defaults write com.apple.dock \
workspaces-swoosh-animation-off \
-bool YES &&
killall Dock

Sunday, 17 October 2010

OpenIndiana Automated Install Server

This is a draft set of steps for getting an automated install server configured on almost any platform using only Apache, DHCP and TFTP. It's very rough at this point but it functions well enough to PXE boot and install a copy of OpenIndiana (OI).

First up, you should make a directory /export/install and:
git clone git://github.com/jclulow/illumos-misc.git /export/install


If you don't have git you can grab a tarball of the repository at github's web interface.

Until an OI bootable Automated Install (AI) ISO is available you can use the distro constructor to create your own. If someone wants to host a copy of a functional ISO that I've built, please let me know! I've made a few modifications to the AI ISO build descriptor that comes with OpenIndiana. You should grab the distro_const/ai_x86_image_JMC.xml file from the github repository and (on an OI 147 host) run:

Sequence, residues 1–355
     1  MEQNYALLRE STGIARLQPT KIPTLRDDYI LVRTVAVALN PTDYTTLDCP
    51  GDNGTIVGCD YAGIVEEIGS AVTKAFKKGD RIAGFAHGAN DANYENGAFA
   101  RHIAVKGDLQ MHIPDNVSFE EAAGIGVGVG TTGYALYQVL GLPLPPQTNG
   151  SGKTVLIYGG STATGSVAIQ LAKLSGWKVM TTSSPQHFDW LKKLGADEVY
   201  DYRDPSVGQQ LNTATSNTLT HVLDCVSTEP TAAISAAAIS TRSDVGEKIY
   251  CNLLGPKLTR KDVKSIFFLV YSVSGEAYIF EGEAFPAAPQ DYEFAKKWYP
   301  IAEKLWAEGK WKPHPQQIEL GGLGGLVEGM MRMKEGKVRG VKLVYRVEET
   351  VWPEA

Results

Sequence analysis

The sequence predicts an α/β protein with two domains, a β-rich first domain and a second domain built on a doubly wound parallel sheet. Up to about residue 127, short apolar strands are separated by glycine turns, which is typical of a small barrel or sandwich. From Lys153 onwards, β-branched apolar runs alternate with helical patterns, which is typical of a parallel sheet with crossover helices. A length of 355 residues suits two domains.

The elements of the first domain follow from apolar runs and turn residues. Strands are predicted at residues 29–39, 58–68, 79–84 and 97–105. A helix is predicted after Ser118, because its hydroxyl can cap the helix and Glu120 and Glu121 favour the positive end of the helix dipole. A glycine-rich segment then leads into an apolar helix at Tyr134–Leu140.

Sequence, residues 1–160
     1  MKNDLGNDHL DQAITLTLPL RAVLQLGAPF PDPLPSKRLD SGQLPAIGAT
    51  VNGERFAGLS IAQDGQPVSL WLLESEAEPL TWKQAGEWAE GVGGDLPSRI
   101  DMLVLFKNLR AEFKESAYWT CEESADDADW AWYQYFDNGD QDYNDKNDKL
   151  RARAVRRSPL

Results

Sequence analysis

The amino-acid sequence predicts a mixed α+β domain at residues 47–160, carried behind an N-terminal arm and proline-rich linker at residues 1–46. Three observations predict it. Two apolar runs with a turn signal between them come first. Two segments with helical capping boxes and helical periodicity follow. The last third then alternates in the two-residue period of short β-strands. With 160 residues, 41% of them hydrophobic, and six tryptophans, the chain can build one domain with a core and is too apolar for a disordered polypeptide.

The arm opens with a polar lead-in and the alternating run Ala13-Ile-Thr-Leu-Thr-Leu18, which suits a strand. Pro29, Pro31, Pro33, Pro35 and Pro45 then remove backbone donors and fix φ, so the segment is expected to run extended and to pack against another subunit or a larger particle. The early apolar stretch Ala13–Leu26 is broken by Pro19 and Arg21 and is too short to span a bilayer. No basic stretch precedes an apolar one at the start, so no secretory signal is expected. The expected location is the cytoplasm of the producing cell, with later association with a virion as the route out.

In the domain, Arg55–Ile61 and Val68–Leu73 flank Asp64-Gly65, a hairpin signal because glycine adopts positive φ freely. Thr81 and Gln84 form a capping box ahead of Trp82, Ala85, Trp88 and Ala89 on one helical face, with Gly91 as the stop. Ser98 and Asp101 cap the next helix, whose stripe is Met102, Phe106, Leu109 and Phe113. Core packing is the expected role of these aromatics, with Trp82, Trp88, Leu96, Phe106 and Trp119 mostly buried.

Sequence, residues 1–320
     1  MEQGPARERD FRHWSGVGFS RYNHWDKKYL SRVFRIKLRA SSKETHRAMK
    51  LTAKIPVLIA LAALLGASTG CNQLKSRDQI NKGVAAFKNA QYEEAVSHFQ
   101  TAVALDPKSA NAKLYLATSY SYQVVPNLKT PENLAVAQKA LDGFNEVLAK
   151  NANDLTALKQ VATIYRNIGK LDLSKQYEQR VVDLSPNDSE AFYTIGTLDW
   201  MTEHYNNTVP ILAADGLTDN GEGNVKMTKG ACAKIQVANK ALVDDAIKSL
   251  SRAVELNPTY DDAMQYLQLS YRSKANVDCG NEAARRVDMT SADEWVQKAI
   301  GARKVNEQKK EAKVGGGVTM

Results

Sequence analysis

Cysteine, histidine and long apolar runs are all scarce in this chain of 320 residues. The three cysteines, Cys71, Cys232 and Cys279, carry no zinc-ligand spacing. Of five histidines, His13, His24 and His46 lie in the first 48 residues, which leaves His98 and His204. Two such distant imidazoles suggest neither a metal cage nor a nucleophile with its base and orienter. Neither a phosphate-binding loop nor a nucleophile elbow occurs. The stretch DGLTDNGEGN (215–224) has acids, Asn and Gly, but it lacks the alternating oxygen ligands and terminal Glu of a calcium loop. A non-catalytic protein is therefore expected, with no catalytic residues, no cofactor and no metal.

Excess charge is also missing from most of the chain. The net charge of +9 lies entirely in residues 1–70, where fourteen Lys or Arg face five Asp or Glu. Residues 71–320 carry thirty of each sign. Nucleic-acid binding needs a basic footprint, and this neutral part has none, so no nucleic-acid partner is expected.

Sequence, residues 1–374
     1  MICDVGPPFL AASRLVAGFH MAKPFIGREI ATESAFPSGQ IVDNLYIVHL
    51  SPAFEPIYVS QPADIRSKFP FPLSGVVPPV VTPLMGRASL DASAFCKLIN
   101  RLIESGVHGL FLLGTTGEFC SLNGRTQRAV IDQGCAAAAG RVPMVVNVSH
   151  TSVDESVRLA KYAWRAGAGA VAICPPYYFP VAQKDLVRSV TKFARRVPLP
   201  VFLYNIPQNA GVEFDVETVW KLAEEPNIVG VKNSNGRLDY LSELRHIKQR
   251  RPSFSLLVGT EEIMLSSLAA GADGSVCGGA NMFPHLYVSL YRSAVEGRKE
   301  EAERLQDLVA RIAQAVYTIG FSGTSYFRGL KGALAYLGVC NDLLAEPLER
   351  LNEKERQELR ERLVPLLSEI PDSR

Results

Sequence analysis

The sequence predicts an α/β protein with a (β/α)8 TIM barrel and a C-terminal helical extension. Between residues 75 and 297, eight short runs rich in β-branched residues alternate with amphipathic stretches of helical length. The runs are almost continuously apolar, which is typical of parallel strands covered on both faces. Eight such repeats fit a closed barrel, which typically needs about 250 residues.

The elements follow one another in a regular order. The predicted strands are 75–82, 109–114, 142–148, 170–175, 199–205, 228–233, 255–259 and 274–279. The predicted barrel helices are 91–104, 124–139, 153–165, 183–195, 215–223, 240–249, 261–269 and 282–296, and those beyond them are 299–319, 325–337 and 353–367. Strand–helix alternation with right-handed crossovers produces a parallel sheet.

distro_const build ai_x86_image_JMC.xml


After a while you'll get a usable ISO in /rpool/dc/media that you can use to set up the rest of your environment. You should extract the contents of the ISO into /export/install/ai_image. Assuming your TFTP server is rooted in /tftpboot you'll want to:
cp -r /export/install/ai_image/boot /tftpboot/oi


You'll also want a local IPS repository containing the current OI packages. Fetch this 2GB tarball: oi_147_spin2.tar.bz2. Extract it into /export/install/repo.